Hybridity and the Aesthetics of Garbage: the Case of Brazilian Cinema

How to Cite

Stam, R. (1998). Hybridity and the Aesthetics of Garbage: the Case of Brazilian Cinema. Estudios Interdisciplinarios De América Latina Y El Caribe, 9(1). Retrieved from http://eial.tau.ac.il/index.php/eial/article/view/1091


Cultural discourse in Latin America and the Caribbean has been fecund in neologistic aesthetics, both literary and cinematic: "lo real maravilloso americano" (Carpentier), the "aesthetics of hunger" (Glauber Rocha), "Cine imperfecto" (Julio García Espinosa), "the creative incapacity for copying" (Paulo Emilio Salles Gomes), the "aesthetics of garbage", (Rogerio Sganzerla), the "salamander" (as opposed to the Hollywood dinosaur) aesthetic (Paul Leduc), "termite terrorism" (Gilhermo del Toro), "anthropophagy" (the Brazilian Modernists), "Tropicalia" (Gilberto Gil and Caetano Veloso), "rasquachismo" (Tomás-Ibarra Frausto), and santería aesthetics (Arturo Lindsay). Most of these alternative aesthetics revalorize, by inversion, what had formerly been seen as negative, especially within colonialist discourse. Thus ritual cannibalism, for centuries the very name of the savage, abject other, becomes with the Brazilian modernistas an anti-colonialist trope and a term of value. (Even "magic realism" inverts the colonial view of magic as irrational superstition.) At the same time, these aesthetics share the jujitsu trait of turning strategic weakness into tactical strength. By appropriating an existing discourse for their own ends, they deploy the force of the dominant against domination.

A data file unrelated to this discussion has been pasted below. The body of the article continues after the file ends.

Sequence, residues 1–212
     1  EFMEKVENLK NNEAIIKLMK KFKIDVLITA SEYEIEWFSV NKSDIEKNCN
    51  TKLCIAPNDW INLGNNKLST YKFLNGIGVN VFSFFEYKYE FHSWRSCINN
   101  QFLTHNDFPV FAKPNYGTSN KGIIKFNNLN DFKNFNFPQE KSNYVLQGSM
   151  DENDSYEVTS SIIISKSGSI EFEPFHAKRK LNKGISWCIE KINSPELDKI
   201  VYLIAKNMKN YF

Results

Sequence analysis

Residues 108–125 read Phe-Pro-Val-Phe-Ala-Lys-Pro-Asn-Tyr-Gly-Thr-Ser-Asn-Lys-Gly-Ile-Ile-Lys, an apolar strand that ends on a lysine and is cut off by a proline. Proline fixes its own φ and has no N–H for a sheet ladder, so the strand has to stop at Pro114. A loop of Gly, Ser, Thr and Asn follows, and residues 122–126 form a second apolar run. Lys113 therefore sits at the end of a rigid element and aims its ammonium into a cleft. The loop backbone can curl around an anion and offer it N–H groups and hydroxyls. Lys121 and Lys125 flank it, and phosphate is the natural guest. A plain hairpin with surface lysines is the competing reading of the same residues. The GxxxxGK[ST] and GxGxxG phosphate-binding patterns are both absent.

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Editores:  Ori Preuss; Nahuel Ribke
Instituto Sverdlin de Historia y Cultura de América Latina, Escuela de Historia
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